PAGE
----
In the year 1886, Sears was formed by Richard W. Sears as a watch company. After 126 years of growth, the store is being forced to sell 11 stores across the nation to decrease costs and boost assets, including the Provo Towne Center and Murray locations.
Corporate Sears revealed its inventory is $544 million below the previous year’s balance. The sale of 11 stores is expected to raise $270 million for the company by next year. All of the Sears stores purchased are located in properties belonging to General Growth Properties, which owns and operates malls.
Sears’ current plan is to reduce costs and inventory to reduce debt. The total debt is $3.5 billion as of January 28, 2012.
In the fourth quarter, Sears Domestic’s store sales declined 4.1 percent. Sears expects to raise $500 million by separating the hometown, outlet and hardware stores.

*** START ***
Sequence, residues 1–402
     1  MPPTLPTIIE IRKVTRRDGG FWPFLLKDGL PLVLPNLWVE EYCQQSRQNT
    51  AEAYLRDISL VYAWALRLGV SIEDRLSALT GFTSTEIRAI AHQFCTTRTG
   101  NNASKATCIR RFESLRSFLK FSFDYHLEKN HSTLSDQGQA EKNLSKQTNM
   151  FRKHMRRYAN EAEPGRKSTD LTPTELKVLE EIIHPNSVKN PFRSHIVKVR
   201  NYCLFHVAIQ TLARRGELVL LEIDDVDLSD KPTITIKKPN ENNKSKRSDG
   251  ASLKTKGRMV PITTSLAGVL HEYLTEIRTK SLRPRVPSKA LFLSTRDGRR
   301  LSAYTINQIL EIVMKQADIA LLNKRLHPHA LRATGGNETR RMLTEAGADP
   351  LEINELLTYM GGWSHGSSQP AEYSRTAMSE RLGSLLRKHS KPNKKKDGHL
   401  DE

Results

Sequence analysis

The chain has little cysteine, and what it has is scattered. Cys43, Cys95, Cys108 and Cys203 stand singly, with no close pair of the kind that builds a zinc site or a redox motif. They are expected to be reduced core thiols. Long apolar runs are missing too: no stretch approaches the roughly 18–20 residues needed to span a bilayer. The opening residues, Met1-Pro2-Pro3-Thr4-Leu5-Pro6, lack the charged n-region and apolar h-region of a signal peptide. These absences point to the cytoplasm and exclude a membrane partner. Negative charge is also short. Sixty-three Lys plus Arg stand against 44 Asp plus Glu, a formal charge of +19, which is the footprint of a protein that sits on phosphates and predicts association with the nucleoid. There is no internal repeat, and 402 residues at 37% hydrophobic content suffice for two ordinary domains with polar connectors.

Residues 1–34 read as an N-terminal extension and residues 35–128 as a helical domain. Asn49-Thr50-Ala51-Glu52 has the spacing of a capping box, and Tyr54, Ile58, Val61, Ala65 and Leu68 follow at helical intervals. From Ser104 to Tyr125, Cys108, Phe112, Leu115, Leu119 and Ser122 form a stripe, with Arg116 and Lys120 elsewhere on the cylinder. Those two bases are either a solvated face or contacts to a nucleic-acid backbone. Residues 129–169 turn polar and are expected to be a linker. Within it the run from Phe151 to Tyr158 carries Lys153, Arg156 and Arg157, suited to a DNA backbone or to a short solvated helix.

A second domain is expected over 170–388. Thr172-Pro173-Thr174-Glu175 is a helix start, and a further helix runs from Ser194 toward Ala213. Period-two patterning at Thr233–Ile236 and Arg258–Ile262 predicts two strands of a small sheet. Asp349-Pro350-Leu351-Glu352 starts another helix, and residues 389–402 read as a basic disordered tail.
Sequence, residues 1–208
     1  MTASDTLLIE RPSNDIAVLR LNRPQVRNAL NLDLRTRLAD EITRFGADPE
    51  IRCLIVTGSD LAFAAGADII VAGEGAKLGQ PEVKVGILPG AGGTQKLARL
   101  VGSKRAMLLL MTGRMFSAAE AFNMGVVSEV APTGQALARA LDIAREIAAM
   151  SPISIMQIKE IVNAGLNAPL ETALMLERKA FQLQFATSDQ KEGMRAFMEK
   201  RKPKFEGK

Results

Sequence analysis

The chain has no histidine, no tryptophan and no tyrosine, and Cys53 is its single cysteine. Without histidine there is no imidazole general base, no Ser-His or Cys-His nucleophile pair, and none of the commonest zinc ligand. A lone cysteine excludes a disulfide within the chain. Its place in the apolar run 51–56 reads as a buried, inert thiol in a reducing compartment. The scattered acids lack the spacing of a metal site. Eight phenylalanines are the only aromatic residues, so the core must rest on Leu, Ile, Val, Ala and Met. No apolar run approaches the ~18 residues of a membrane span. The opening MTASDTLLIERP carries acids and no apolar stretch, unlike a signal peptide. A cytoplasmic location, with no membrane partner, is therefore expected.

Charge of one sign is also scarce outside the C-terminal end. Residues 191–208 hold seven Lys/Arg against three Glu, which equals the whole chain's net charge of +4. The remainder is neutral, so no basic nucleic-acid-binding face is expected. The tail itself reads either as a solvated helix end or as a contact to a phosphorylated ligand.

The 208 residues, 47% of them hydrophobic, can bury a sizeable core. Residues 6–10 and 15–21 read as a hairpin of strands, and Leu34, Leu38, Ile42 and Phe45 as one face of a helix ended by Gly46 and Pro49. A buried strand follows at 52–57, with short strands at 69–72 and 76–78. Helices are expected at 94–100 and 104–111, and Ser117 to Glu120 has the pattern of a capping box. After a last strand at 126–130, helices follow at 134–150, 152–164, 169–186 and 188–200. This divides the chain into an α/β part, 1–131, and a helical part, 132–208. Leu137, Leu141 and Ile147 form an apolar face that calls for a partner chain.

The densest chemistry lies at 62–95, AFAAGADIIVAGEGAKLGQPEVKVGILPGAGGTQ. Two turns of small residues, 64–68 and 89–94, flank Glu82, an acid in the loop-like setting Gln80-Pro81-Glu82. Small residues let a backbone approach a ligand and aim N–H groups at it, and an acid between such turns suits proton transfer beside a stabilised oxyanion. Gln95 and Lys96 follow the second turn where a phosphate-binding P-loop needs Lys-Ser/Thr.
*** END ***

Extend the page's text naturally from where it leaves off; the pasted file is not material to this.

“I can’t disclose the store to come,” said Scott Hansen, senior general manager of Provo Towne Center. “But I can reiterate that we are doing this acquisition to enhance expansion and future opportunities. It’s a bit exciting but also a little sad — both ways.”
“It’s being sold, not closed,” said Kim Freely, PR representative for Corporate Sears. “It made good business sense for us.”
“We are an asset-rich enterprise with substantial liquidity,” said Rob Schriesheim, Sears holdings’ chief financial officer, in a press release on Feb. 23.
Although Sears may not be around many years to come, Provo continues to have a stronger economy than the nation. Unemployment in Provo is currently 6.2 percent while the U.S. as a whole is 9.8 percent, according to Provo City’s website.
The Sears Auto Center and Outlet Store will remain in business.